I'm assuming that the majority of the format of the Siddur that we currently have and use did not exist during the time of the 1st Bet Hamikdash. Perhaps, by the 2nd Bet Hamikdash, some items were added. I'm assuming that the only two items from the Siddur that were part of Shachrit were:

  • Shema
  • Song of the Day

I'm assuming that these two items "surrounded" the offering of the morning tamid offering. When were these two items said (Levi'im sang the daily song)?

My assumptions may be wrong. If there were any items currently in the Siddur / Shachrit service that were added, please state what they are and when they were said repective to the tamid.

  • 5
    Have you tried looking through Tractate Tamid?
    – Double AA
    Oct 12, 2018 at 2:51
  • Mmm, the Shir Shel Yom might not have existed in the times of the First Beit HaMikdash either. They're all various perakim of Tehillim, and although David HaMelech wrote the Tehillim before the Beit Rishon, I'd say it would be unlikely to have them intrigrated into the Temple service so quickly.
    – ezra
    Oct 12, 2018 at 6:17
  • 1
    @ezra singing something is deoraisa. I agree that singing those particular songs is not.
    – Heshy
    Oct 12, 2018 at 9:55

2 Answers 2


After the korban tamid was slaughtered, skinned and butchered, its blood thrown on the altar and its limbs placed on the altar's ramp, they would gather in the lishkat hagazit and recite:

  • Ahavat Olam
  • Aseret HaDibrot
  • The three paragraphs of Shema
  • Emet v'Yatziv
  • R'tzei
  • Sim Shalom

וְאַחַר שֶׁמַּעֲלִין הָאֵיבָרִים לַכֶּבֶשׁ מִתְכַּנְּסִין כֻּלָּן לְלִשְׁכַּת הַגָּזִית. וְהַמְמֻנֶּה אוֹמֵר לָהֶם בָּרְכוּ בְּרָכָה אַחַת. וְהֵן פּוֹתְחִין וְקוֹרִין אַהֲבַת עוֹלָם וַעֲשֶׂרֶת הַדִּבְּרוֹת וּשְׁמַע וְהָיָה אִם שָׁמוֹעַ וַיֹּאמֶר וֶאֱמֶת וְיַצִּיב וּרְצֵה וְשִׂים שָׁלוֹם.

(Rambam, Hilchot Temidim u'Musafim 6:4)

The ketoret was then offered, the remaining two lamps of the menorah prepared, and the limbs of the tamid were taken from the ramp and offered up on top of the altar, after which the kohanim recited birkat kohanim.

(Rambam, Hilchot Temidim u'Musafim 6:4-5)

They would then offer the flour-offering which accompanied the tamid, the kohen gadol's flour-offering, and then the wine libation. During the wine libation, the levi'im would recite that day's song, to musical accompaniment.

(Rambam, Hilchot Temidim u'Musafim 6:5)


Joel K's answer above covers the larger-scale system pretty accurately. But the text of the prayers themselves definitely went through some changes, and the clearest come from the רצה. Obviously, the modern text we have for רצה wouldn't have worked when the Temple was standing, considering its repeated references to the destruction of the Temple and the exile. In My People's Prayer Book, volume 2 (pp. 161–162), Rabbi Lawrence A. Hoffman reconstructs the text that would have been used in the Temple era thusly:

  1. First he removes any mentions of the destruction – removing the phrases וְהָשֵׁב הָעֲבוֹדָה לִדְבִיר בֵּיתֶךָ and וְתֶחֱזֶינָה עֵינֵינוּ בְּשׁוּבְךָ לְצִיּוֹן בְּרַחֲמִים, as well as the chatimah of הַמַּחֲזִיר שְׁכִינָתוֹ לְצִיּוֹן.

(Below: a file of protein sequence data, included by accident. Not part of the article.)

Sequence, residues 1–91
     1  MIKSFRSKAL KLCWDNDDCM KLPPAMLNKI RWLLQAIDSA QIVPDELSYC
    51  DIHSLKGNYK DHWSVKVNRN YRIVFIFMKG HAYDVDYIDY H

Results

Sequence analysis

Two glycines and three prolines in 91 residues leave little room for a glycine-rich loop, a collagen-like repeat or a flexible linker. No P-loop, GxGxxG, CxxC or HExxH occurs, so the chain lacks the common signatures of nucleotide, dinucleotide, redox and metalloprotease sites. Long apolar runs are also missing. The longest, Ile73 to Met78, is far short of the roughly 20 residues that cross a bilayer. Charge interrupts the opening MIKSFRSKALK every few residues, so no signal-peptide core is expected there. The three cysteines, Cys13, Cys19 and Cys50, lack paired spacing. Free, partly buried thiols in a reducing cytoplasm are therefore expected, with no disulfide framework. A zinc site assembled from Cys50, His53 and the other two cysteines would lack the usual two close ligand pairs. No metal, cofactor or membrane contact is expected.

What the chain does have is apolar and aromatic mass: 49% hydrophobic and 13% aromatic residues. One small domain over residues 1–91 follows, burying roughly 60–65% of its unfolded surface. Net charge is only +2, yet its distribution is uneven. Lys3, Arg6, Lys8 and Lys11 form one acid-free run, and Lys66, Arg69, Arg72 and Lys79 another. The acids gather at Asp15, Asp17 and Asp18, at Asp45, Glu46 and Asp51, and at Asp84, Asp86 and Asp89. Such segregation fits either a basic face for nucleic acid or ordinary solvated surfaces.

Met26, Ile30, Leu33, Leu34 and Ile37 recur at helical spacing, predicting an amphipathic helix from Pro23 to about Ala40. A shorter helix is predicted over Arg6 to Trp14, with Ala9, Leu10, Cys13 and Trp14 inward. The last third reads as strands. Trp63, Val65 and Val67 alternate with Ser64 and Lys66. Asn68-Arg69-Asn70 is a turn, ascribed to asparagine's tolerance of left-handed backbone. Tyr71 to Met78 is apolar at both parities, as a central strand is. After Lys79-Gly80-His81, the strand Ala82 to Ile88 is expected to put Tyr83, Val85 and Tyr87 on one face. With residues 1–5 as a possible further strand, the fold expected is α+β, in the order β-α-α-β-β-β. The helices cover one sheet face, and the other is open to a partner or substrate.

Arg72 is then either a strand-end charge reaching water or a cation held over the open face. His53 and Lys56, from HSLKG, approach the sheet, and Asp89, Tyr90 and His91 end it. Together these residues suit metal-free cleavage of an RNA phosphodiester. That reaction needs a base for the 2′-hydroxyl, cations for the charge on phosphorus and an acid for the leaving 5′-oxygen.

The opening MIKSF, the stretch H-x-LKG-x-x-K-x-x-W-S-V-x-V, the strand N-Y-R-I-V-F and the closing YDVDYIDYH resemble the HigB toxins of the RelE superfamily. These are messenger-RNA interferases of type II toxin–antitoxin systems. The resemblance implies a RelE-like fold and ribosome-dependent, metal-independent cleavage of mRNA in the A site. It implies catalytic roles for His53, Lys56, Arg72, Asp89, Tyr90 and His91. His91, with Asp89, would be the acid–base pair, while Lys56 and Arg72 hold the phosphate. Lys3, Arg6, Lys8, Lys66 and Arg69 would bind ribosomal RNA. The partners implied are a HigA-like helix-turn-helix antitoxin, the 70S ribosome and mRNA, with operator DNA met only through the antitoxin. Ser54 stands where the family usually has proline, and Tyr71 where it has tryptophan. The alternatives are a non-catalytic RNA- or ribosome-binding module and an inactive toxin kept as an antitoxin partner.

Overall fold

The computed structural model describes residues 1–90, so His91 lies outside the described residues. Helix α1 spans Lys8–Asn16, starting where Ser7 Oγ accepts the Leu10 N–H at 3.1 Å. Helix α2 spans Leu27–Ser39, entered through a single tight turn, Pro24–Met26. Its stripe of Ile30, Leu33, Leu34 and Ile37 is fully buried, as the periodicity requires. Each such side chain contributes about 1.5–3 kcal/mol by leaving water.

2. Then he suggests that the addition וּתְפִלָּתָם would have postdated the destruction, reflecting the unique Rabbinic emphasis on prayer as a means of "replacing" sacrifice, and that בְאַהֲבָה would have been added at the same time since בְּרָצוֹן would have covered the acceptance of sacrifices (being oft associated with the sacrificial rites).
  3. Then he uses the old Eretz Yisrael rite chatimah (as recorded in the Cairo Geniza and still used among some Ashkenazim on Musaf before dukhening), שֶׁאוֹתְךָ לְבַדְּךָ בְּיִרְאָה נַעֲבוֹד, since the present tense would have been accurate in Temple times.

So he ends up with a much shorter רצה prayer – רְצֵה ה׳ אֱלֹהֵינוּ בְּעַמְּךָ יִשְׂרָאֵל, וְאִשֵּׁי יִשְׂרָאֵל תְּקַבֵּל בְּרָצוֹן, וּתְהִי לְרָצוֹן תָּמִיד עֲבוֹדַת יִשְׂרָאֵל עַמֶּךָ.בָּרוּךְ אַתָּה ה', שֶׁאוֹתְךָ לְבַדְּךָ בְּיִרְאָה נַעֲבוֹד. Which he then translates as "Find favor, Ad--ai my God, in your People Israel. And the fire-offerings of Israel, accept favorably. And may you find favor in the tamid, the sacrificial service of Israel your People. Blessed are You, Ad--ai, whom we serve with awe."

Note his suggestion that the תָּמִיד of the final clause referred to the tamid-offering, which the service surrounded. In a sense, it's the prayer of prayers in this rite. Unlike in a modern Amidah, the רצה would have almost certainly been the spiritual high point of the service – the key petitionary text.

Also, the wine-libation service is listed in Tamid as well, including the psalms of the day.

  1. They would give the kohen the wine.
  2. Two kohanim with trumpets would blast, tekiah, teruah, tekiah.
  3. The kohen would bend down to pour the wine.
  4. The cymbal would sound, flags would be waved, and the Levites would sing psalms.
  5. As each psalm ended, the trumpets would blast and the people would prostrate themselves.

That pretty clearly implies that more than one psalm would be sang per day. Though the psalms of the day are listed in Tamid 7:4, it seems unlikely that only those seven psalms would be sang as we do today. In the minor tractate Sofrim it lists a series of psalms that were read for each major holiday, more than one in every case. Probably different psalms would be sung each day, including but NOT limited to the seven of the week.

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